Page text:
Want to join the House of Lords? Turns out you can “buy” peerages. Here’s how

What we’ve long suspected is true

Research proves there’s a link between those who donate to political parties and those who become Lords and Baronesses.

While there’s no “cast-iron proof” that any peerages have been sold, Oxford University has found there is a statistically “significant” relationship between peerages and party donations.

Researchers looked at lifetime peerage nominations from 2005-2014 and removed anyone who would have definitely been granted a peerage because of parliamentary or council service and those who were “people’s peers” (nominated by the House of Lords Appointments Commission).

This left 92 others, who between them donated £33.83m to British political parties. This was 97.9% of all the money donated to parties from people nominated for peerages.

The researchers looked not just at the individuals but also took into account money donated by their family members, companies and trade unions.

“Detecting such information was no easy feat, involving as it did a series of shell companies, holding companies, wholly-owned subsidiaries, and investigating the shareholder composition and boardroom composition of each company,” the Oxford University report said.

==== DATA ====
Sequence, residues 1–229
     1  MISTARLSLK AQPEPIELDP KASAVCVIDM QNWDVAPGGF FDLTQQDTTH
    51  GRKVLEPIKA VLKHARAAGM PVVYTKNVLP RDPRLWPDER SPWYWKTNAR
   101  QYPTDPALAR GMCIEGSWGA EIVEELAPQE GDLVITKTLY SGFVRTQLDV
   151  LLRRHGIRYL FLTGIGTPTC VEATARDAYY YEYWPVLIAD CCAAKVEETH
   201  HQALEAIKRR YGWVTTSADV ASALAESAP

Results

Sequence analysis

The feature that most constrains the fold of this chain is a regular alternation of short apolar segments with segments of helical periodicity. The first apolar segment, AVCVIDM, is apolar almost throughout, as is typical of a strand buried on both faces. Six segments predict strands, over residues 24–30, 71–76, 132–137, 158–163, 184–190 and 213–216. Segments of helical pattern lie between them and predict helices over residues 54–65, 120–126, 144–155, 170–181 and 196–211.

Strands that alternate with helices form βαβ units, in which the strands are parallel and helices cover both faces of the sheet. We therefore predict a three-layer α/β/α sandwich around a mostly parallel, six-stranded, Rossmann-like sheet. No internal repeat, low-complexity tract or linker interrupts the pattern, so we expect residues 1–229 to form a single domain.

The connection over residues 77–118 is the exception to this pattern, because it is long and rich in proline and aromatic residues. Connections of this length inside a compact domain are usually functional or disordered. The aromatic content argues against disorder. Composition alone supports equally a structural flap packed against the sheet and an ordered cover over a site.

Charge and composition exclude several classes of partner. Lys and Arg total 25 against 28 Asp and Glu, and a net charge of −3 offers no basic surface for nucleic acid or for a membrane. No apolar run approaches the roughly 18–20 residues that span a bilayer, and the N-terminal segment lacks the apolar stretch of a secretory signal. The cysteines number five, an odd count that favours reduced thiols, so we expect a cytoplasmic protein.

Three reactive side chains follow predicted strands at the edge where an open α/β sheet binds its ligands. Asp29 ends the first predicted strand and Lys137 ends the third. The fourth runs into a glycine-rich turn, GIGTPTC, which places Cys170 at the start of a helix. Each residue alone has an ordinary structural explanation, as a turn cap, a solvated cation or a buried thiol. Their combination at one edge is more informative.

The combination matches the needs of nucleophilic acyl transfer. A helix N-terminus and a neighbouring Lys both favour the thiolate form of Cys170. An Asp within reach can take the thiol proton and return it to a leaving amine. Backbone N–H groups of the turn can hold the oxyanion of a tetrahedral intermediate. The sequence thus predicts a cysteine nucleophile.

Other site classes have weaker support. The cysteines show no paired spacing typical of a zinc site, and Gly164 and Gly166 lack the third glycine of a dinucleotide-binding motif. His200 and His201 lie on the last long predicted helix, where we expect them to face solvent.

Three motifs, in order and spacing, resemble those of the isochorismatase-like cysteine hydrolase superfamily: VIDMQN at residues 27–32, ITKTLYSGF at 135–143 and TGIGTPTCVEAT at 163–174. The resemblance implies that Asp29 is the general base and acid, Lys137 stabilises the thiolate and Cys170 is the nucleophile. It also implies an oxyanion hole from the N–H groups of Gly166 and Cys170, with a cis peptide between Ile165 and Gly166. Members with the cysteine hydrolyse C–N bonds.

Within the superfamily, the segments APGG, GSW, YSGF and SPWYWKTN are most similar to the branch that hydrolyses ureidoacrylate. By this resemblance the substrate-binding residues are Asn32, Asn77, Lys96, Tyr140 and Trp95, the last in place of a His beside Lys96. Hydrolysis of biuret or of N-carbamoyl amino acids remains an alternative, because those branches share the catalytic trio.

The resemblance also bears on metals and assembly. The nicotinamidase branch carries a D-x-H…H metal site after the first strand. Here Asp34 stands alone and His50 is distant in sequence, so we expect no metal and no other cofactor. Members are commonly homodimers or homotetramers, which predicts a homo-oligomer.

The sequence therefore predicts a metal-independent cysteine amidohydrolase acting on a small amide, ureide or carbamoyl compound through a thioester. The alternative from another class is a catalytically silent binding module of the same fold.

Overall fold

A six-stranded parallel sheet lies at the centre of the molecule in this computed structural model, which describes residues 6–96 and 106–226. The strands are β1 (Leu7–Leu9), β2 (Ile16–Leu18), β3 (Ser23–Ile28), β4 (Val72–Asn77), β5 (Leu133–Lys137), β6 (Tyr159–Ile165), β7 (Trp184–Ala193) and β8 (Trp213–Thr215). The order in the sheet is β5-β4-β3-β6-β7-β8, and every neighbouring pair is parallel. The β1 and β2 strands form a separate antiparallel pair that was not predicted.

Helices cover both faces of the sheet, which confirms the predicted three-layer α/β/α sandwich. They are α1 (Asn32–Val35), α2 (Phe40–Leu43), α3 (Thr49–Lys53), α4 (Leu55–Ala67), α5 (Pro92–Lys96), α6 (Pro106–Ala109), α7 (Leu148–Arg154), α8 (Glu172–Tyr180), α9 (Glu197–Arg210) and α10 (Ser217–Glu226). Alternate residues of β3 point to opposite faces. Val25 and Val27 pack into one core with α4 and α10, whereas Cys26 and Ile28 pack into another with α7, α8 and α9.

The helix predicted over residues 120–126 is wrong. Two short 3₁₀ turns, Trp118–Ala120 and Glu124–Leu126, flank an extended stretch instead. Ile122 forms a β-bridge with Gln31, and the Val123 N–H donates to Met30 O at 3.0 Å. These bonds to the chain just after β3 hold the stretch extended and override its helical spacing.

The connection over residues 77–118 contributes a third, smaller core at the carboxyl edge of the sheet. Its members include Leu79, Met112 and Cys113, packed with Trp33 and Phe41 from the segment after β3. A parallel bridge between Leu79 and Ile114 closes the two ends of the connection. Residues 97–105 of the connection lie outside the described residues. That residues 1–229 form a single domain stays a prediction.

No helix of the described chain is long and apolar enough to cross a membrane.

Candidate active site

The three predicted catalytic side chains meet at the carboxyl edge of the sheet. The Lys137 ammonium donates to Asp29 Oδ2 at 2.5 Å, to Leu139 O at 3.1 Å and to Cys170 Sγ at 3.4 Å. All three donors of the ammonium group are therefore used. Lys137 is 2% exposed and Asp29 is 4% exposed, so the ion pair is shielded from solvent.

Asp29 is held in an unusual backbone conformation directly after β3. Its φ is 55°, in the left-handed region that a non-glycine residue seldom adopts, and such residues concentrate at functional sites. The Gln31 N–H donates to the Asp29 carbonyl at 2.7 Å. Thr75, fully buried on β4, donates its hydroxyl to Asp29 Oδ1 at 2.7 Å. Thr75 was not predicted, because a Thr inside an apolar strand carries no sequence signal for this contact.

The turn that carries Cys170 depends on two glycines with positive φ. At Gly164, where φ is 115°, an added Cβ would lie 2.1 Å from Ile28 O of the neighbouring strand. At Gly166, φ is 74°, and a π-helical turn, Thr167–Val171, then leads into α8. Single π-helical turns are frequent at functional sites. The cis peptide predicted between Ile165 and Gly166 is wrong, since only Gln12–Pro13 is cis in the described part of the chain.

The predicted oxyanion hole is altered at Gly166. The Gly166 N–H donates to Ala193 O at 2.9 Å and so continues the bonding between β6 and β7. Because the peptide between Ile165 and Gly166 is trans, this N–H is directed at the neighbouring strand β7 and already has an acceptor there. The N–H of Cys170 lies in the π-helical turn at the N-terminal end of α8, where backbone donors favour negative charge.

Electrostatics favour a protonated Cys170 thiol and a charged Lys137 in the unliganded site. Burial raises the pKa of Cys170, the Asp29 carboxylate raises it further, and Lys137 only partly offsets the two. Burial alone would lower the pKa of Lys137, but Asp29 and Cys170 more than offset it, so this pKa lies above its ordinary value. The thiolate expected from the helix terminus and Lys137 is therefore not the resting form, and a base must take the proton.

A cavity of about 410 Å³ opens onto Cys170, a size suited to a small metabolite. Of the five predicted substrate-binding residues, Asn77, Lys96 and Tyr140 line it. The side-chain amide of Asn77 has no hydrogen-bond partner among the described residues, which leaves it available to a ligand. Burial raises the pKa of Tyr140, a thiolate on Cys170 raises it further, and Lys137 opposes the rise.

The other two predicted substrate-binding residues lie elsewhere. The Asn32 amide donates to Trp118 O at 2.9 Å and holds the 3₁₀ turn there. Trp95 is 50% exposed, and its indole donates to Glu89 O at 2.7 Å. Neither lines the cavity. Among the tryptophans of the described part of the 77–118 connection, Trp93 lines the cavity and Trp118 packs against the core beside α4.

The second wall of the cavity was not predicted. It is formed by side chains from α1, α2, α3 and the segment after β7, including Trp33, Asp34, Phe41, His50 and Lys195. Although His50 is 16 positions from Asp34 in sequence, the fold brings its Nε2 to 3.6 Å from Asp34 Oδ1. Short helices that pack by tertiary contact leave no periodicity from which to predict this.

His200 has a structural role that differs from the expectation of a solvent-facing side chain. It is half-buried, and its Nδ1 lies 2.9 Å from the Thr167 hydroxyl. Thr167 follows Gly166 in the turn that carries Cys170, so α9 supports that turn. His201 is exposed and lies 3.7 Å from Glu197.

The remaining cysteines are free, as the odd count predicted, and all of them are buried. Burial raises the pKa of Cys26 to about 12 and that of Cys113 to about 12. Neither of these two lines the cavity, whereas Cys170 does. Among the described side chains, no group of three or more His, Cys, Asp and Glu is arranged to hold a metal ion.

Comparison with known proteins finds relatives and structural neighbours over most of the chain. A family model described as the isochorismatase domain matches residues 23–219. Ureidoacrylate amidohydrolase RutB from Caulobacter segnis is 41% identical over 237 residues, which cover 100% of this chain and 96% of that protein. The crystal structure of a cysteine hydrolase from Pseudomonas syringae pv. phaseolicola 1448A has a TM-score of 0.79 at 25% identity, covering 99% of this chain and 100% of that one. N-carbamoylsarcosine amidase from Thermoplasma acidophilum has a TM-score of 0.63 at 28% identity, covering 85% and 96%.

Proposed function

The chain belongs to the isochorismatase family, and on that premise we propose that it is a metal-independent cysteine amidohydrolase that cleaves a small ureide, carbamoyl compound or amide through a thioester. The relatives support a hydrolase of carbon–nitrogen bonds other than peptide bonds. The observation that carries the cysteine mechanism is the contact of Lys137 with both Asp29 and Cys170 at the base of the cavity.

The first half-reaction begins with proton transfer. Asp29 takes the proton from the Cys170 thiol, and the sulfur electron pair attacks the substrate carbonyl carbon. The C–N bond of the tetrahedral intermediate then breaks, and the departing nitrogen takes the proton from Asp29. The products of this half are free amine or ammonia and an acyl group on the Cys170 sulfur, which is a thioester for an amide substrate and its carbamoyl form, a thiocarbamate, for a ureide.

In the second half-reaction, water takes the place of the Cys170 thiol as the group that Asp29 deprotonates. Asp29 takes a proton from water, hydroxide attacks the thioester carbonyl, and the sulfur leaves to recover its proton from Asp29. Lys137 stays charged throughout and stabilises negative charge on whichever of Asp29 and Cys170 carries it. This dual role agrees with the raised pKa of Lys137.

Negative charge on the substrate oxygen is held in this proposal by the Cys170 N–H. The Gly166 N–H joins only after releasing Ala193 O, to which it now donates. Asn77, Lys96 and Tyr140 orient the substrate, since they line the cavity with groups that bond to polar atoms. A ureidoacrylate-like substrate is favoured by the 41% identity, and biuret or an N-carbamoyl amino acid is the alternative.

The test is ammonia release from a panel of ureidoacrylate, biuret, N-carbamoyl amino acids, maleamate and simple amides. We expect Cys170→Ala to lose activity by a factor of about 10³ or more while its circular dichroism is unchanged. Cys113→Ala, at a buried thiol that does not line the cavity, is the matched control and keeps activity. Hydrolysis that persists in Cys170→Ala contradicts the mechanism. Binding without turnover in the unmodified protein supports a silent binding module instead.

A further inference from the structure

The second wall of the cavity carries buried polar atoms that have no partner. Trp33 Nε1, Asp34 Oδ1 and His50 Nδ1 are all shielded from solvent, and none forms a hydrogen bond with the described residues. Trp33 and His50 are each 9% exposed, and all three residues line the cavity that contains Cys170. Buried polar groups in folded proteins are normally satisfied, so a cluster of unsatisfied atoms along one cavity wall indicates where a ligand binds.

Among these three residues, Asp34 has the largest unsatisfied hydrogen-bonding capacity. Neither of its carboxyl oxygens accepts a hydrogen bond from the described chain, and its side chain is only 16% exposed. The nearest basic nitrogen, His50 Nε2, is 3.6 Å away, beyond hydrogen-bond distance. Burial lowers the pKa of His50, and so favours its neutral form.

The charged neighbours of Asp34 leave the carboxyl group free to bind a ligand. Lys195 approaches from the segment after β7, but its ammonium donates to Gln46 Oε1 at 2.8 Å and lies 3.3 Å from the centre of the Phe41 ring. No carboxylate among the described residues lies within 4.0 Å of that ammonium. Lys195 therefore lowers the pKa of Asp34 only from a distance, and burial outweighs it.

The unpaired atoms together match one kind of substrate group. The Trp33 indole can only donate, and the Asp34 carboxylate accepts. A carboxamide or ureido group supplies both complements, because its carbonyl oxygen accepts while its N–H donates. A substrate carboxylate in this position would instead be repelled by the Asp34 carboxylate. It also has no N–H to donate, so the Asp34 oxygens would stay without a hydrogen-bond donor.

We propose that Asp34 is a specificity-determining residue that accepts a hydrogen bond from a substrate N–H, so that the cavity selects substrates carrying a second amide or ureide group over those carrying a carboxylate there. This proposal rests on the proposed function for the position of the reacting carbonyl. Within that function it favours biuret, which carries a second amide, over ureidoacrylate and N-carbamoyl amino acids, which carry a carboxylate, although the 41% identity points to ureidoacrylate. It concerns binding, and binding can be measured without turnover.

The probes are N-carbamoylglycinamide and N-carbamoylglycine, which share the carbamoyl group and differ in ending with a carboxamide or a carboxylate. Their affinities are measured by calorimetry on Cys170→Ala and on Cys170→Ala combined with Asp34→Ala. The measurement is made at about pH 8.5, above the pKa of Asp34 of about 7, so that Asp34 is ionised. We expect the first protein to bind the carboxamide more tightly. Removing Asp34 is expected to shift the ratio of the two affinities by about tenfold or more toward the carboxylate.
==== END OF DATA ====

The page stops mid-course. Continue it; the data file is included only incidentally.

The academics found the likelihood of being nominated for a peerage and coincidentally donating a large sum to a party was about the same as entering the National Lottery and winning five times in a row.

“Whilst coincidence is theoretically possible, this explanation does stretch the limits of credulity,” the report said.

It’s illegal in the UK to sell peerages and, if any allegations were proven, it would result in a hefty prison sentence. However, this has only ever happened on one occasion in 1933.

Cheapest peerages

Peerage price graph

It seems the Conservative Party received the smallest donations per peer nomination at an average of £220,000, which means that would be the cheapest if you were buying a peerage.

The average donation to the Lib Dems was £333,000 and the average for Labour was £464,000.

“If peerages are being sold, then these could be thought of as the ‘average price’ per party,” the researchers said.

Easiest peerages

Peerage liklihood(£=big donor, white=peer nomination)

However, the Tories had the largest number of big donors meaning statistically you only have a 1 in 22 chance of being nominated for a peerage after donating to the Tories.

Your best bet is the Lib Dems, where if you donate a large sum, you have a 1 in 7 chance of being nominated for a peerage.  This is followed by Labour with a 1 in 14 chance.

So there you have it.

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Readers' comments (1)

  • what a cheek jobs for the boys, un electer by the commian man, get rid of them.

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